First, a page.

Which means we get award-winning beers like Cloudy Joose, which won a gold in the “Juicy or Hazy Pale Ale” category at the 2023 GABF.
Or Cloud Factory, a hazy collab with Olfactory featuring Waimea, Citra, Sabro, Sultana Salvo, and Lotus Salvo.
Every time we sit down and have a beer with Tamayo, we learn about a new hop he’s stoked about, a new product he’s f**ked with, or a new brewery he’s hit up to collab.
On your visit, see if you can catch a glimpse of this laid-back mad genius. You might find him on the catwalk above the bar, checking on the fermenters; you might catch him in a 49ers t-shirt pouring you a beer; or you might just hear his hearty chuckle coming from the tiny brewery tucked away into the back corner of the brewery.
At New Belgium SF, you’re always getting something new, you’re always getting something ingenious, and you’re always getting something that’s on the cutting edge. All in a place that’s warm, welcoming, friendly, and on fire.
We’re looking out for big things from Tamayo and NB SF in 2024.
Wellington City, Wellington, New Zealand
In 2022, we wrote about Phantasm, a product derived from freeze-dried Marlborough grape skins that contains a high amount of thiols, compounds known for producing a high level of aroma and flavor in beer.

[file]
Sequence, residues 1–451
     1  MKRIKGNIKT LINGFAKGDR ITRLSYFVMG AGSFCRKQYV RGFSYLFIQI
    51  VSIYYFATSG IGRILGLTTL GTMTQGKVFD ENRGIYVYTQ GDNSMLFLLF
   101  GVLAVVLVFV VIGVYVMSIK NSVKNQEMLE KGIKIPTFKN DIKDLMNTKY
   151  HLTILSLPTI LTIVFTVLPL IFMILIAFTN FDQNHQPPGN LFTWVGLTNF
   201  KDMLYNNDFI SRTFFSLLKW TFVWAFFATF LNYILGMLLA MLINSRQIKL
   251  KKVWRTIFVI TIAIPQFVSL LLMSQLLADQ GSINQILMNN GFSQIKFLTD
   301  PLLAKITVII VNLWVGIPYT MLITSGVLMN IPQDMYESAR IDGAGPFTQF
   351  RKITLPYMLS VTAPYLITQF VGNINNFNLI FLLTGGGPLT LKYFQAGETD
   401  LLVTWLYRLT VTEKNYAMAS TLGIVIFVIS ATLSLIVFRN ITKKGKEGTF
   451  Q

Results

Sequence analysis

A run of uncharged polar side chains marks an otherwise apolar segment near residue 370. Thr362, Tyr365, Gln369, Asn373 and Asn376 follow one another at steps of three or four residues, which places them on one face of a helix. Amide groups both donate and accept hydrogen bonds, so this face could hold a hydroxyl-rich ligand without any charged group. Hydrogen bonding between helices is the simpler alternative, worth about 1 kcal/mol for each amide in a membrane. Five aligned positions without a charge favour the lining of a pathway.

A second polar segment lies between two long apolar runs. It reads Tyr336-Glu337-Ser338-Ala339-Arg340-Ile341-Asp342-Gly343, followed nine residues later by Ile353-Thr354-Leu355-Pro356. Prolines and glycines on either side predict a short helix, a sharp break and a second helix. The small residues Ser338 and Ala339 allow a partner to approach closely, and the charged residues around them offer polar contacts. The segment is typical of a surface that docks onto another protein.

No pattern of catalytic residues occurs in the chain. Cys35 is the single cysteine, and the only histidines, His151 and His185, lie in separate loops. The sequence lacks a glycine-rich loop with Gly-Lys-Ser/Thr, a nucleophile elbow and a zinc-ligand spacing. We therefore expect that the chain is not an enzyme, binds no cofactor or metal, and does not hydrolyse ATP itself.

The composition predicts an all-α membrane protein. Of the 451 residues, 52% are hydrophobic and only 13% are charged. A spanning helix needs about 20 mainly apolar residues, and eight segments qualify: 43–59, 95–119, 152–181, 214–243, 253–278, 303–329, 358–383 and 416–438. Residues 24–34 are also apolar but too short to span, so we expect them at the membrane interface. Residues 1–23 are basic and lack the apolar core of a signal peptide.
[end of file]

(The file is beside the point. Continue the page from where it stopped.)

Developed by Jos Ruffell, co-founder of Garage Project, a brewery based in the Aro Valley of Wellington, New Zealand, Phantasm blew up in the U.S.
Since then, Ruffell and Garage Project have similarly exploded in the States.
For example, we had the chance to meet Ruffell and try his beers for the first time at the Firestone Walker Invitational this year.
His booth commanded one of the longest lines at the event. And for good reason. The hazy we tried, One Day in March 2023, included fresh Nelson Sauvin and Southern Cross hops, all picked and brewed on the same day from Freestyle hop farm.
The lush beer overflowed with pineapple juice, mango lassi, and passion fruit juice. And immediately made us want to jump on a plane to New Zealand to visit Garage Project in the flesh.
Maybe we can next year? If not, we’ll make sure to keep our eyes out for Garage Project here in the U.S. Anytime we see that name, we’re getting whatever beers they’re offering, for sure.
Ten Eyck Brewing Company
Ten Eyck features a standout crew of seven women making their mark in craft beer. We met many of them, including Yancy and her partners Jessica and Nicki, at our fifth annual women in craft beer festival, Beers With(out) Beards, in 2022. They also joined us for Queer Beer last year, where the brewery’s Betsy blueberry grisette was one of the fan favorites, and participated in this year’s Queer Beer Box.
We can tell you unequivocally that this incredible group of people has dedicated themselves to promoting inclusivity and equality in craft beer. We can’t wait to see how this brewery continues to grow in 2024.